Section Description Provided by Instructor
This is a basic introductory course in contract law. The study of contracts is the study of the legal enforcement of promises. When and how should the law enforce a promise against a reluctant promiisor? The answer to this and related questions determines when and how society, through its legal system, intervenes in private contractual relationships. In part, the course will focus on how lawyers make legal arguments; how they use the various doctrines of contract law to advance their clients interests. Here we will study the consideration doctrine and the various bases for enforcing promises, the dynamics of the bargaining process including precontractual liability, how courts police the bargain for fraud and duress, the standards for performance and the consequences of non-performance including the remedies for breach of contract, and, finally, the consequences of uncertainty about the future (mistake, impracticability, and frustration). In addition, however, the course will also focus on the practical uses of contract theory. We ask: what purposes are the various legal rules (as announced in cases and statutes) designed to serve? Are the policy goals desirable and how effectively are they implemented through contract doctrine? And, most importantly, how can a transactional lawyer, aware of both doctrine and theory, design a contract that implements her client's goals? In this way, the course examines both contract law and theory so as to provide the student with the capacity to predict how courts will resolve future disputes as well as how to engage in contract planning to forestall those disputes.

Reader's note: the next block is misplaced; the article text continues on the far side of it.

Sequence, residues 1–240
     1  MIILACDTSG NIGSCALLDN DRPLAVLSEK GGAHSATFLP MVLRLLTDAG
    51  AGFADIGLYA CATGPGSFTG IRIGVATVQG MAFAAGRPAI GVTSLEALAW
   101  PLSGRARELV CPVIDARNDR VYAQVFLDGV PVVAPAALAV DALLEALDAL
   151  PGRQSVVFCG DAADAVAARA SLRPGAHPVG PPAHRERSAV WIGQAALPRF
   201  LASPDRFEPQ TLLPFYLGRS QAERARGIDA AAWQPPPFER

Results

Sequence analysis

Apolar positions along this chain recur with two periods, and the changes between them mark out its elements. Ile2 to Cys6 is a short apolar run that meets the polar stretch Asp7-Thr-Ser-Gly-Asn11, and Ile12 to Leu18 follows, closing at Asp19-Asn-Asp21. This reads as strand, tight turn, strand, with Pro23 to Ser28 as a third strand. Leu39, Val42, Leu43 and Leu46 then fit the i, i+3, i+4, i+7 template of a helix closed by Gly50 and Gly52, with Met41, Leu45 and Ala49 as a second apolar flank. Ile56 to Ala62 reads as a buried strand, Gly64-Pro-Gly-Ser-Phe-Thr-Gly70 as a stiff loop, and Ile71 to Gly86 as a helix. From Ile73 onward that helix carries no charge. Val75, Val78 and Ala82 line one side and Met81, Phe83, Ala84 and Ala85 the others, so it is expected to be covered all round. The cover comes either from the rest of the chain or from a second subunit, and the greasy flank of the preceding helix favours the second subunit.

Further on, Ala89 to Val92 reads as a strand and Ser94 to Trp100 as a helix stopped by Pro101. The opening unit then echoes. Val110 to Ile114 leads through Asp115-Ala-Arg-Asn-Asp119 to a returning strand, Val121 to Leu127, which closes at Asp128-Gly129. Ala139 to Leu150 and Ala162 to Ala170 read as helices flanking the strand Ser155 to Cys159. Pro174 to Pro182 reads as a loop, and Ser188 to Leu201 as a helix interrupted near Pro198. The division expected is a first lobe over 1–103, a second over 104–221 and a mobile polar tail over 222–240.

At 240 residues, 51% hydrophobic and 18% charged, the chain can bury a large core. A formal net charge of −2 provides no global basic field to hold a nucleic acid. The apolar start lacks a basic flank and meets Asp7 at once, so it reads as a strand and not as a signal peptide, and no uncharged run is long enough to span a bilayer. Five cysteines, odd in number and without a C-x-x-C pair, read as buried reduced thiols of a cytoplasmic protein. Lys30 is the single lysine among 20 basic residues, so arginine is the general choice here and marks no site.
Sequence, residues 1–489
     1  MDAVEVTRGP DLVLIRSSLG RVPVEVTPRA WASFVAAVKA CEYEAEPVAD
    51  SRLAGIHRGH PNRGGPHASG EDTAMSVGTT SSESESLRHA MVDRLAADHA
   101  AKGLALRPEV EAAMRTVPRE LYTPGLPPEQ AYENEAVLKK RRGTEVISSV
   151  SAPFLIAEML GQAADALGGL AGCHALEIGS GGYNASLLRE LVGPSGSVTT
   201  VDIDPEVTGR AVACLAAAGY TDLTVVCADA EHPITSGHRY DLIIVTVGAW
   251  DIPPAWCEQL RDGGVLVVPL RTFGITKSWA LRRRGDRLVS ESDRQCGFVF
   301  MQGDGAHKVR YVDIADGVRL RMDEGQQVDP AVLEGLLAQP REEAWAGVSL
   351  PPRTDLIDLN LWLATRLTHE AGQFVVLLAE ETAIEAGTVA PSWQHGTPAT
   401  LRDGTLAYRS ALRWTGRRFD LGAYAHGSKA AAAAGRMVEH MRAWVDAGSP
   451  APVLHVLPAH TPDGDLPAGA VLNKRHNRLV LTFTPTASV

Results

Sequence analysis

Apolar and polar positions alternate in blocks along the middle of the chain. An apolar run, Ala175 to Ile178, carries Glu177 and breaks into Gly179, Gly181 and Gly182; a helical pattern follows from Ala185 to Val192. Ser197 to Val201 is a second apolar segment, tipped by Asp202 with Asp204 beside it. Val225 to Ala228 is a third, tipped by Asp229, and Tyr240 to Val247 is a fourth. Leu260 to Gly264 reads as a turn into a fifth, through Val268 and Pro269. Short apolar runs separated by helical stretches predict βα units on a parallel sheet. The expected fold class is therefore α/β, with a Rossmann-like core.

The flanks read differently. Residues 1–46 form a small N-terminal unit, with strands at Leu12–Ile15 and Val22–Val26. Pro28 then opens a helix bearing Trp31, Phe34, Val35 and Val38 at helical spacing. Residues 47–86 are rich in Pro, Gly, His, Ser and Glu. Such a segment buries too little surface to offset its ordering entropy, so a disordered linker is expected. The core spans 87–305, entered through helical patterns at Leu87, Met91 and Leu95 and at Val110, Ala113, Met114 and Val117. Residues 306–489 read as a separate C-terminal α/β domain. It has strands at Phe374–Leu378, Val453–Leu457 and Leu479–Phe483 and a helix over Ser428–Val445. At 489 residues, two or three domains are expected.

TWR 10:40 a.m.–12 p.m.
Method of Evaluation
J.D. Writing Credit